Higgins’ lead defense attorney, Herman Watson IV of Bozeman, said his client intends to appeal the verdict to the Montana Supreme Court.
“That’s always been the plan, and we already have the appeal written,” Watson said.
Like his four fellow valve turners, Higgins had hoped to employ a necessity defense, which would have allowed him to argue that his crimes were justified by the imminent danger to humanity of climate change caused by burning fossil fuels. Boucher denied that motion, saying that “the energy policy of the United States is not on trial.”
The trial began on Tuesday with the arguments focusing on the monetary value of the damage incurred by Spectra Energy on Oct. 11, 2016, when Higgins used bolt cutters to enter a fenced enclosure near Coal Banks Landing and close an emergency shutoff valve on the Express pipeline, which transports crude oil from Canada’s tar sands region to refineries in the United States. The company, which was warned about the action by two phone calls from Higgins’ fellow activists, had already stopped the flow of oil through the pipe.
The prosecution argued that the company’s costs were well above the $1,500 threshold because the incident occupied two supervisors and a number of technicians for all or part of a working day.
The defense conceded that Higgins destroyed chains and other equipment worth a total of $938 but insisted that the state had failed to prove beyond a reasonable doubt that he had caused any additional economic losses to the pipeline company.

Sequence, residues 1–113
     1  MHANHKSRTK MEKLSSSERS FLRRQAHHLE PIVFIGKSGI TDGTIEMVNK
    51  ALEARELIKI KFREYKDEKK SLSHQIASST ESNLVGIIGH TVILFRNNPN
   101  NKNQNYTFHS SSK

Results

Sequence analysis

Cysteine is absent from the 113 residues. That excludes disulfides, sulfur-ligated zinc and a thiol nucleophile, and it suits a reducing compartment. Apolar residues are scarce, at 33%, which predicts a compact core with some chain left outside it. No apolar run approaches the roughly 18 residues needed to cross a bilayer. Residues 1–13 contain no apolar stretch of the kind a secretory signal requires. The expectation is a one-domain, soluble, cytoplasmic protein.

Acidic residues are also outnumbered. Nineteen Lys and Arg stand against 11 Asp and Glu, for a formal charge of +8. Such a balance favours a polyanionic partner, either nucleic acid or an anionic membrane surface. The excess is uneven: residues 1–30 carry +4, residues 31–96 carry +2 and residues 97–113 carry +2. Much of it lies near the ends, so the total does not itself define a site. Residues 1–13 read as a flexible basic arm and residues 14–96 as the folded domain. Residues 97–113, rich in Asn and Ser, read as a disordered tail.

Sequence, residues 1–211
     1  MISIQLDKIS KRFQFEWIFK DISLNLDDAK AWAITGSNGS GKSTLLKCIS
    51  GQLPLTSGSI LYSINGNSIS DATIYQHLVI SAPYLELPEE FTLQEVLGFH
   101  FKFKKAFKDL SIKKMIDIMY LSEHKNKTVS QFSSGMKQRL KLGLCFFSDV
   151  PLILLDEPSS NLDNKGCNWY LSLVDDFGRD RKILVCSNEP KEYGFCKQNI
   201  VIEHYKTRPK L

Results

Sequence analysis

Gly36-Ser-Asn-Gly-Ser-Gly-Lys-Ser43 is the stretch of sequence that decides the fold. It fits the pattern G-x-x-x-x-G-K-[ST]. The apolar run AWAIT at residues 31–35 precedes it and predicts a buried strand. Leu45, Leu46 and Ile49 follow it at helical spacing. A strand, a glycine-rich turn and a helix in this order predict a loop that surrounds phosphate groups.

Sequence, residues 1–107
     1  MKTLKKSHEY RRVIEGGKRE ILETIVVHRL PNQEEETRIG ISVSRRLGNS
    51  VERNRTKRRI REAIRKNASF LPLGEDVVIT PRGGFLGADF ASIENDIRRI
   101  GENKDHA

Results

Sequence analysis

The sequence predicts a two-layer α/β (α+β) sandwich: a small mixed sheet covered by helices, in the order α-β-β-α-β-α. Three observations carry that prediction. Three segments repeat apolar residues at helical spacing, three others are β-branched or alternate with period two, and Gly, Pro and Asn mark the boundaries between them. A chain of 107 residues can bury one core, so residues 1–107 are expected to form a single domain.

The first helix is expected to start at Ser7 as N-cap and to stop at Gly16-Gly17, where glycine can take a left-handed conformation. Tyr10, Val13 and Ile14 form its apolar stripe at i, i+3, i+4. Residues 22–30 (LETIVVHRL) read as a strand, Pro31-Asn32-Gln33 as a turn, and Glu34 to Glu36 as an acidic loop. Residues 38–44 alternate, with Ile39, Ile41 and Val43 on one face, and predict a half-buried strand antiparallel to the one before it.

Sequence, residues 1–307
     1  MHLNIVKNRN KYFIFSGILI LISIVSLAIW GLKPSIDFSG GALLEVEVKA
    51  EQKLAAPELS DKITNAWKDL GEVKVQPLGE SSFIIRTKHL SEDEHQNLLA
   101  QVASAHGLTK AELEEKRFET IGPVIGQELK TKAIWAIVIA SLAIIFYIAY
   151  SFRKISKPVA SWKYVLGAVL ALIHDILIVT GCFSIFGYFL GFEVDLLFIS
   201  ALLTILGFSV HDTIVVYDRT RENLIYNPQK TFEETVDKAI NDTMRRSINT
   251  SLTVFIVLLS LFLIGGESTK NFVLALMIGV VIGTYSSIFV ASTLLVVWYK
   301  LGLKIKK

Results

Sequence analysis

The jury found otherwise.
Watson tried to portray his client as a principled man who felt compelled to take action against climate change, which he views as an emergency that threatens current and future generations.
Taking the stand in his own defense Wednesday morning, Higgins responded to questions from Watson about his motivation by saying, “I felt responsible to stand up for what’s right — and sometimes what’s right isn’t necessarily what’s legal.”
But when the questions turned to Higgins’ beliefs about the causes of climate change and the need to stop burning greenhouse gas-producing fossil fuels, his testimony was shut down by a flurry of objections from Chouteau County Attorney Steven Gannon.
Boucher backed him up, ruling those issues were “beyond the scope of this case.”
Gannon made that point again during his closing arguments.
“This is not about what (Higgins) believes,” he told the jury. “It’s about what he did about it.”
He hammered on the uproar caused by Higgins’ act of protest, arguing it cost the pipeline company thousands of dollars’ worth of lost productivity.
“The bottom line is they are in the business of moving oil,” Gannon said. “When the pipeline isn’t working, they’re not making money.”
In his own closing statement, Watson did his best to cast doubt on that claim. He argued that Higgins was an activist, not a vandal, and that the actual damage he caused was not enough to justify a felony charge.
In the end, the jury sided with the prosecution, returning a unanimous verdict after an hour of deliberation.